One reason she visited Scotland infrequently was her fear of family confrontation. Difficult relationships, particularly with men, were scattered about Spark's life like unread books. The relationship that undoubtedly caused her most pain was the one with her son, Robin. A significant part of his childhood was spent with Spark's parents in Edinburgh, although she provided financial support well into adulthood.
Early in Robin's life, Spark had left the family home in Rhodesia to escape her husband and Sydney Oswald Spark subsequently did all he could to stop Robin joining his mother in London after the war. Taylor is unsparing: 'Sydney's obsessiveness, his paranoia, his victimhood, was the inheritance he passed on to his son.' Time seemed to have a souring effect on an already difficult situation. In one letter, Spark offered to visit Robin in Edinburgh but only if she could 'be absolutely sure there would be no more unpleasantness and abuse.'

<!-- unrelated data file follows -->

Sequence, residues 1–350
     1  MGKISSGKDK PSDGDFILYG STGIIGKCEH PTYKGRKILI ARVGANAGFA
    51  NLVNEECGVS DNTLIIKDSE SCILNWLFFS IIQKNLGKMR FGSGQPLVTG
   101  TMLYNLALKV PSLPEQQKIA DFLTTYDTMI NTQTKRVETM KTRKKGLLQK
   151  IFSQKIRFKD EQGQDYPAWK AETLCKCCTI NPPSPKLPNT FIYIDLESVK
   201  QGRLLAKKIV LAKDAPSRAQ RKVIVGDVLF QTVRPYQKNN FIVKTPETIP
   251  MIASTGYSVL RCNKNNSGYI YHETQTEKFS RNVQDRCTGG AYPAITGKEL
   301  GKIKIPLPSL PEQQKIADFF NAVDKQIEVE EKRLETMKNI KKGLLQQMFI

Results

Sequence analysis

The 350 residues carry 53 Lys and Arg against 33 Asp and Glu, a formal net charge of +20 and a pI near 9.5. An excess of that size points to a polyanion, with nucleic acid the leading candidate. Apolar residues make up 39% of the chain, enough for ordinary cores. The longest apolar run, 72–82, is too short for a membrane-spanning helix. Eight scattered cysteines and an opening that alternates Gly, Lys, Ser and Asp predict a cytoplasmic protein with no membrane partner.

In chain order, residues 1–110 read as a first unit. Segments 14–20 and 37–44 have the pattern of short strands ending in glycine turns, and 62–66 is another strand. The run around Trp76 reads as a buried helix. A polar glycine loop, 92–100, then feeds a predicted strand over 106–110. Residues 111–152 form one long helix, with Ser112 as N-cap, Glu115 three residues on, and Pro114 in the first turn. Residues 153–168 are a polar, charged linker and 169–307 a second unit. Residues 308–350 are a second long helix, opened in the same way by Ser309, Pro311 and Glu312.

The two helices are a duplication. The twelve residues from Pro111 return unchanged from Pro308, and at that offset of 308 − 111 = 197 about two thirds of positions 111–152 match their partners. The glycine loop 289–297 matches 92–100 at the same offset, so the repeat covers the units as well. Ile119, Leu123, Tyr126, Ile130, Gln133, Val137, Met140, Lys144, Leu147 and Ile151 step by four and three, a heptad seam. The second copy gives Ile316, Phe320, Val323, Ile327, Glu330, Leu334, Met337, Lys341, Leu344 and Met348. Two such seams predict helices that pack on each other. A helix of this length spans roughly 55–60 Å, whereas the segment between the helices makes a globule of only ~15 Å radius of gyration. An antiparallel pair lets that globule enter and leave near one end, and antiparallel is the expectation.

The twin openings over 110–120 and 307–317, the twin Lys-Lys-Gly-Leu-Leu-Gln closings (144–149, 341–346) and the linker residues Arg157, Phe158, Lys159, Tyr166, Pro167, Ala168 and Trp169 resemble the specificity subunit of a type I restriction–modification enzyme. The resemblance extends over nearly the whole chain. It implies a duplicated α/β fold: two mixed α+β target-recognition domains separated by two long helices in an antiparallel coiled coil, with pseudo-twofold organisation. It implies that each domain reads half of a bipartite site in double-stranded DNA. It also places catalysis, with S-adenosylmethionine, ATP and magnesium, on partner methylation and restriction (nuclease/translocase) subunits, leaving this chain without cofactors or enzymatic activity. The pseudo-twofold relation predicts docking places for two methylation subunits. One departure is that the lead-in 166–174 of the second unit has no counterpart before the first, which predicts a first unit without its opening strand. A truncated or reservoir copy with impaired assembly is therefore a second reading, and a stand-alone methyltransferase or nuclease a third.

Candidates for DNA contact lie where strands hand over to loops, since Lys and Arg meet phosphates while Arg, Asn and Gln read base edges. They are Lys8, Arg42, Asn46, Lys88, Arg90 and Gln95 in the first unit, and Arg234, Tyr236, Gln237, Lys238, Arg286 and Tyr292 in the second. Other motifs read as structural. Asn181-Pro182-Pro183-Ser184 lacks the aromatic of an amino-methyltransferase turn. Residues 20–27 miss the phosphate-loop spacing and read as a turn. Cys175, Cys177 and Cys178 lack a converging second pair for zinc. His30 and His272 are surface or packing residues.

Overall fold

Robin never accepted any offers to visit his mother at San Giovanni. A disagreement about the family's Jewish heritage started in 1981 and ran, with much public fuss, until Spark's death in 2006. Robin interrogated her with reference to obscure religious edicts in such a way as to induce queasiness. Finally, she lost her patience and told him 'there's no use writing to me with all that pompous bureaucratic religiosity as if you were John Knox in drag.' At one point, Taylor advised her to decline all interviews lest the issue should be raised and suggested she refuse to talk about Robin while promoting her books.